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Allen Thrower

Convicted of first-degree murder and sentenced to life in prison in Franklin County, Ohio, in 1973, Allen Thrower was exonerated six years later when an internal police investigation cast suspicion on the testimonies of two key witnesses against him.

On August 28, 1972, Columbus Police Patrolman Joseph Edwards was fatally shot in the head inside a police cruiser while responding to a routine call with his partner, Charles McFadden. McFadden identified 23-year-old Allen Thrower in a photo lineup as his partner’s assailant, and another man, James Edward Moody, was also implicated. When these two men were indicted on September 18, 1972, Moody was taken into custody, but Thrower remained at large. Moody passed a lie detector test in December that immediately cleared his name.

It was not until January 1973 that Thrower was apprehended when he surrendered to the FBI in Beaumont, Texas. Authorities returned Thrower to Columbus, where he was served with indictment papers.

At trial in July, Charles McFadden testified that he saw Thrower’s face twice during the incident—first when Thrower approached the police cruiser and again when Thrower turned around while fleeing the scene. However, the man McFadden saw had a bushy Afro hairstyle. This conflicted with McFadden’s identification of Thrower. Pictures shown to him by Detective Tom Jones were clearly those of Thrower with no hair on the top of his head.

Although Thrower insisted that he was in Detroit at the time of the crime and had witnesses to verify his alibi, McFadden’s eyewitness identification prevailed, and on July 12, 1973, Thrower was convicted in the Franklin County Court of Common Pleas and sentenced to life in prison by Judge George B. Marshall. The Franklin County Court of Appeals upheld Thrower’s murder conviction on November 27, 1973.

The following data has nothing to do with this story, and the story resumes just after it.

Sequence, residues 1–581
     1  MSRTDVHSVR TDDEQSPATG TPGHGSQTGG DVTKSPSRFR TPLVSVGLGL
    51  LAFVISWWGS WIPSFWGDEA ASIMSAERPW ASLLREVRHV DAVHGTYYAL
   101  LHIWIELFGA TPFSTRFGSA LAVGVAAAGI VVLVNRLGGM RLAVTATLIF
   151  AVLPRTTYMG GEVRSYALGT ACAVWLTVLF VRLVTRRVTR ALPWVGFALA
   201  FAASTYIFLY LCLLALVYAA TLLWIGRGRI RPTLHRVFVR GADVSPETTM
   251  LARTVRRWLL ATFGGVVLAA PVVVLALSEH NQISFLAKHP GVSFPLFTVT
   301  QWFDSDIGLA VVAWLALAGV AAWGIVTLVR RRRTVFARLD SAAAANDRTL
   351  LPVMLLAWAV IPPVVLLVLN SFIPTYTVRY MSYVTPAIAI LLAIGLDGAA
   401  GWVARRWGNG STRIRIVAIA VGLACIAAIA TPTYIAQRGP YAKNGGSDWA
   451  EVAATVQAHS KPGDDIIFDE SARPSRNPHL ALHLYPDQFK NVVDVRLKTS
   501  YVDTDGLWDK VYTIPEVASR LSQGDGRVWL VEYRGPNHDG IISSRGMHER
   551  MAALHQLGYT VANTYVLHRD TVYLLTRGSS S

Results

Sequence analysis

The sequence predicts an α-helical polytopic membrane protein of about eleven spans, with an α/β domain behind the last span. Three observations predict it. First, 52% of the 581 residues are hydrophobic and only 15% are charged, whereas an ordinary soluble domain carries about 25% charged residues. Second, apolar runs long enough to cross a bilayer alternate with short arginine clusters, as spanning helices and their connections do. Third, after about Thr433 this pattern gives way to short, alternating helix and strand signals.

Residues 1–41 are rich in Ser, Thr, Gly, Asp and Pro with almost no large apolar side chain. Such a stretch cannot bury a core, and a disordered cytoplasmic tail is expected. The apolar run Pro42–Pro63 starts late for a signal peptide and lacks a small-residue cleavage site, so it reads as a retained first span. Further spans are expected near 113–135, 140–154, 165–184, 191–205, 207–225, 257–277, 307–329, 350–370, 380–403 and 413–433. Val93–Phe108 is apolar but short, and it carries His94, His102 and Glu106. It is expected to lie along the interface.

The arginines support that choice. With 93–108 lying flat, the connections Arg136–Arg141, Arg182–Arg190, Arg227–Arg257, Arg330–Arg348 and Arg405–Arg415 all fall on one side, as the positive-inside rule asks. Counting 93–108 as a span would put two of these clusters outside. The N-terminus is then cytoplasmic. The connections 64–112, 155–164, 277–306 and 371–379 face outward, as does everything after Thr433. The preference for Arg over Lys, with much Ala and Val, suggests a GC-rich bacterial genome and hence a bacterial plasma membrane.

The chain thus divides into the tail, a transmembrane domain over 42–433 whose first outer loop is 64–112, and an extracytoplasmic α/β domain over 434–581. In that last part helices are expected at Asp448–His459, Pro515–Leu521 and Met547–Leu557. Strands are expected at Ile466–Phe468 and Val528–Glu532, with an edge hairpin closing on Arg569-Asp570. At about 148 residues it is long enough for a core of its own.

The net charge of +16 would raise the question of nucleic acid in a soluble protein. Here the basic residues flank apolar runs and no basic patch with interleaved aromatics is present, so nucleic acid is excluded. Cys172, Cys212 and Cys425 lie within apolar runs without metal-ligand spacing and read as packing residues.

Five years after his conviction, the results of an internal police investigation cast doubt on Thrower’s guilt. On July 18, 1978, Detective Tom Jones was relieved of his duties after questions surfaced surrounding his handling of several murder cases, including the Thrower case. During the same investigation, McFadden was found guilty of violating division rules regarding honesty. McFadden identified Thrower as the killer under oath, but he later admitted that he did not see the assailant’s face on the night of the crime.

In light of these findings, Judge Marshall ordered a new trial. He disqualified himself because of his special knowledge of the case, and Judge Frank Reda replaced him. On August 8, 1978, Thrower was released from jail after signing a $12,000 recognizance bond. Later that month, Jones resigned from the Columbus police force after serving for 23 years. In January, 1979, Thrower was exonerated when the Franklin County Prosecutor’s Office dropped the charges against him.

– Carling Spelhaug
Most Serious Crime:Murder
Reported Crime Date:1972
Age at the date of crime:23
Contributing Factors:Perjury or False Accusation, Official Misconduct